modern form of the industrial army is undeniably the union. Just
    like an army, unions use force to get their way. Sometimes its
    physical force, other times political force. I fully support the
    freedom of and freedom from association. If a group of workers
    wants to form a club and bargain collectively, so be it. If their
    employer wants to fire them all together, well, that's fine too.
    Naturally, the unions, consisting of the democratic mob, have
    passed legislation making it legal for them to organize, but illegal
    for their employer to terminate them. Forward the communist army!

  15. Combination
    of agriculture with manufacturing industries; gradual abolition
    of all the distinction between town and country by a more equable
    distribution of the populace over the country.
  16. The
    original aim of this communist policy seems to be melding the
    oppressor and oppressed classes: a mass of proletariat concentrated
    in the city, a countryside of peasant farmers, and a few aristocracy
    with massive tracts of hereditary land. Notice the reference to
    "equable distribution" of the populace. This can only
    be accomplished by land redistribution. The communists saw the
    distinction between city dwellers, townies, and country folk.
    They knew the city, filled with factory workers, was their natural
    base from which to mount an assault on the property rights conscious
    farmers and aristocratic landowners. While moving people into
    the countryside seems antithetical to today's environmental movement,
    the two are actually after the same goal: reduction of property
    rights. The greens realize the communist goal by forcing the people
    out of the country, and into the city and suburbs. Think Pol Pot
    and the Khmer Rouge in reverse. Thus, the common thread in these
    nihilistic, authoritarian political movements is revealed.

  17. Free
    education for all children in public schools. Abolition of children’s
    factory labor in its present form. Combination of education
    with industrial production, etc.

Well,
we've certainly reached the education camp ideal espoused in the
communist manifesto. Instead of universal access to “free” education,
we now have universal compulsory indoctrination. Look
at the assault on home-schoolers for further proof.
I asked
a friend of mine who recently graduated with an education degree
what she learned in her degree major classes. The response frightened
me; she had learned how to control classroom behavior. She told
me it usually “takes 3 or 4 years before children are broken in
to the idea of a teacher in charge”. She teaches 2nd graders. Stories
of public school officials promoting political agendas are legion.
Almost universally, that agenda takes its cues from the communist
manifesto, and its modern keepers.

Back
to point 10 of the Manifesto. The combination of education with
industrial production looks exactly like the work to school programs
that find such favor with our public education system. The abolition
of factory slave labor, and the preservation of third world "habitat"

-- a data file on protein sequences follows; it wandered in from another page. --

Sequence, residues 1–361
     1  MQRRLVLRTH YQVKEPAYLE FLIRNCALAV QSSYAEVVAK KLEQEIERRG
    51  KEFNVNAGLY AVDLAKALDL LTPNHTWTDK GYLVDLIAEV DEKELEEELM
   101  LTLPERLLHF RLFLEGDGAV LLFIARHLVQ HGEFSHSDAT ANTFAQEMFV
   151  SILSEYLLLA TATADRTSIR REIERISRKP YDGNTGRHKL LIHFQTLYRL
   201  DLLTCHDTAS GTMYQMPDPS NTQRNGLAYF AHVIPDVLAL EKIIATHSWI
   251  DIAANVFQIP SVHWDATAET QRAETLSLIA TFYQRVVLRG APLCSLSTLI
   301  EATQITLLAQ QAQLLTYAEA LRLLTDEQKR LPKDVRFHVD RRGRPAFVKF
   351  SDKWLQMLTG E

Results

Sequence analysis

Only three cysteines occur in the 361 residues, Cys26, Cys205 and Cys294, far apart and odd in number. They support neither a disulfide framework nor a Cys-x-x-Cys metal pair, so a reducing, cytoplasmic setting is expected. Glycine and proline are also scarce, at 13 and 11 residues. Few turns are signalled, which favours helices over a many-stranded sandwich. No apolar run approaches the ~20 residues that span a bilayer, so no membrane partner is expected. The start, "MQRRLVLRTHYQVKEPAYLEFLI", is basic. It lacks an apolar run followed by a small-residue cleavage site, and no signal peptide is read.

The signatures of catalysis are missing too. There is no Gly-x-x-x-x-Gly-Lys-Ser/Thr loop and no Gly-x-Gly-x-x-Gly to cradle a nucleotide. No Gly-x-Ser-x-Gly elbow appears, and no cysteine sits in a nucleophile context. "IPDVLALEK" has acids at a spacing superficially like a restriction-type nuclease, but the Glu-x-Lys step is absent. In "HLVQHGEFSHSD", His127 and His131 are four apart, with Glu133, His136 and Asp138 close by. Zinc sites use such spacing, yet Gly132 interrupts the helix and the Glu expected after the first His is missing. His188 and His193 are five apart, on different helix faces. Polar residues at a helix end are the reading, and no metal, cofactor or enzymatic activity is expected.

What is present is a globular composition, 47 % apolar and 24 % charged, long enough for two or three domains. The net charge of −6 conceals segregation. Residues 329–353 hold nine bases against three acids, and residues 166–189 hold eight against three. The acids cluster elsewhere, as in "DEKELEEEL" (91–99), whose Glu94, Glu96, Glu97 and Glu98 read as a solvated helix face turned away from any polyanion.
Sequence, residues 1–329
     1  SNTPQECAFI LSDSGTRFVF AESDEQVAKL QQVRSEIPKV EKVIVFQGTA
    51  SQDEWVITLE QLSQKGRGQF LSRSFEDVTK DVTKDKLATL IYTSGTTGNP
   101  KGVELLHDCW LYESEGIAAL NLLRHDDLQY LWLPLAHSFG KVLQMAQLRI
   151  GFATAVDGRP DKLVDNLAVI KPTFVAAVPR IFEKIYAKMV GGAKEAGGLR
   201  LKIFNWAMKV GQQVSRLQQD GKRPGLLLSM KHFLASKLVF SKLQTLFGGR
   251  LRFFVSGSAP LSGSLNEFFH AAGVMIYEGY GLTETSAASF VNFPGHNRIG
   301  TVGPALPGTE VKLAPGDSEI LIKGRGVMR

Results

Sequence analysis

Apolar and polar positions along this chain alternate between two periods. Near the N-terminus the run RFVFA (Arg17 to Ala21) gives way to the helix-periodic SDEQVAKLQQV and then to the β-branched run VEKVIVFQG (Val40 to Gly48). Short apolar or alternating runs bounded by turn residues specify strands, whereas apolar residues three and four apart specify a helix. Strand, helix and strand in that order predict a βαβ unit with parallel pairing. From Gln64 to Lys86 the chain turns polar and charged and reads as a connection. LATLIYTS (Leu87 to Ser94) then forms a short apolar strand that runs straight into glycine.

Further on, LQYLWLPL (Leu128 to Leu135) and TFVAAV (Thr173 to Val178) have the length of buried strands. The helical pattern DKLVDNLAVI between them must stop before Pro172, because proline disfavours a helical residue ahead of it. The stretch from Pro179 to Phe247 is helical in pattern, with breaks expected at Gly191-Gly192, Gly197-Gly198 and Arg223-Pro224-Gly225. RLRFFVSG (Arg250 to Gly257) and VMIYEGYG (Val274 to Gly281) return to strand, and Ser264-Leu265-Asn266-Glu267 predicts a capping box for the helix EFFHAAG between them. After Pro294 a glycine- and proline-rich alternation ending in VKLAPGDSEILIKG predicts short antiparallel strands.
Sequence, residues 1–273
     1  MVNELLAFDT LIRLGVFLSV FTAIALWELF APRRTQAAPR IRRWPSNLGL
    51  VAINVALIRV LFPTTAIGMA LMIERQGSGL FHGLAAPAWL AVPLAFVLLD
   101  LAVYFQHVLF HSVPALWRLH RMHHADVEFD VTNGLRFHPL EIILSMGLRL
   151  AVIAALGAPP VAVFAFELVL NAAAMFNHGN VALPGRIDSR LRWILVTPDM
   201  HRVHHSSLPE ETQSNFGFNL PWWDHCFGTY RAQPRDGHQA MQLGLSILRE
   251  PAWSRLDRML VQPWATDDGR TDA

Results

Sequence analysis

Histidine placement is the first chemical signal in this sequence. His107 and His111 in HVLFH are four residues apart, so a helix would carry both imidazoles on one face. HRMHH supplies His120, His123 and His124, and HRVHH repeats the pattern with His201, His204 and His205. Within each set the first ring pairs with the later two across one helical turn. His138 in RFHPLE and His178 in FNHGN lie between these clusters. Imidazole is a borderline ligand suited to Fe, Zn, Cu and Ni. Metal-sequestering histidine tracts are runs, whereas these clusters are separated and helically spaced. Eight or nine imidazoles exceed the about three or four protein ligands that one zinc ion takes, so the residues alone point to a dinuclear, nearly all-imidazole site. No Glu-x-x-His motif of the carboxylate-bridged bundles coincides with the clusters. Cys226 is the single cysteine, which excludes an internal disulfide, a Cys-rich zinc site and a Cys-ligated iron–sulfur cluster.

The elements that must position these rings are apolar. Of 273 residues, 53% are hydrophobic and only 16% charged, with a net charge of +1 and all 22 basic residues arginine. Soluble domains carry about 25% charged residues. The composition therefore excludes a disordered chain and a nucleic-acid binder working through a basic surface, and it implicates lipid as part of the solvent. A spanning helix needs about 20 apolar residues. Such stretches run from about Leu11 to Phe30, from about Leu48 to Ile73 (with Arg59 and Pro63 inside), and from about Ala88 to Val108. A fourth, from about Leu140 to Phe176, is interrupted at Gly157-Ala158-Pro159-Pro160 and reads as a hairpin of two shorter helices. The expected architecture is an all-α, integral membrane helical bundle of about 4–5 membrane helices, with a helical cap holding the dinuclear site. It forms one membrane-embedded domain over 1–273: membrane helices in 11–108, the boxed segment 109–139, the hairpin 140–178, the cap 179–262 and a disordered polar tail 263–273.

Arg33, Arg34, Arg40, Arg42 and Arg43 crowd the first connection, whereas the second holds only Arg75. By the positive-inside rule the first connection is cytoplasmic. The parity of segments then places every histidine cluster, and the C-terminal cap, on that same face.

are two verses in the same tribal chant of the neo-communist environmental
movement. This is all in the name of preventing the third world
country de jour in cahoots with Nike from wrecking the natural habitat
of their beautiful swamps and deserts while exploiting the children,
of course. The natural consequence that the now unemployed children
will have to beg or prostitute themselves to stay fed is ignored
by our enlightened watermelon (red with a thin green skin) protestors.

Conclusion

Am
I suggesting some massive conspiracy to infiltrate the Democratic
(and to a lesser degree the Republican) Party by the International
Commune? No. What I am suggesting is that communists gravitate towards
political parties that see no wrong in enforcing edicts via state
control. I am also suggesting that people with authoritarian tendencies
will never come out and directly say that they want to run your
life. They'll tell you to support some piece of legislation in the
name of fairness, or the environment, or safety, or the children,
or “our” future, or humanitarian intervention, or national security.
Those who oppose are branded heartless, or selfish, or sadistic,
or cowardly, or stupid, or greedy. The collectivists make the claim
to the moral high ground based on the false assumption that they
know what's best for someone else, and how dare you get in the way.
The worst part may be the fact that most Americans don't realize
the stated goals of communism, and the means to achieve those goals
are at work in our society today. I suppose most people assume the
communists will come out and say they want to run your life. No
one can be enslaved all at once; no one would volunteer for it.
But the incremental approach to control is insidious, and dishonest.
It doesn't speak its name, since detection would render people alert
to it, and ready to destroy it. Well, folks, here's your wakeup
call. You will know the authoritarians are attempting to gain control
by reading their Manifesto in their own words. It's
plain as day if you take the time to read it.

July
7, 2001

John Keller
[send
him mail]
owns a Technology
Consulting
and a Real
Estate
business in Atlanta, GA.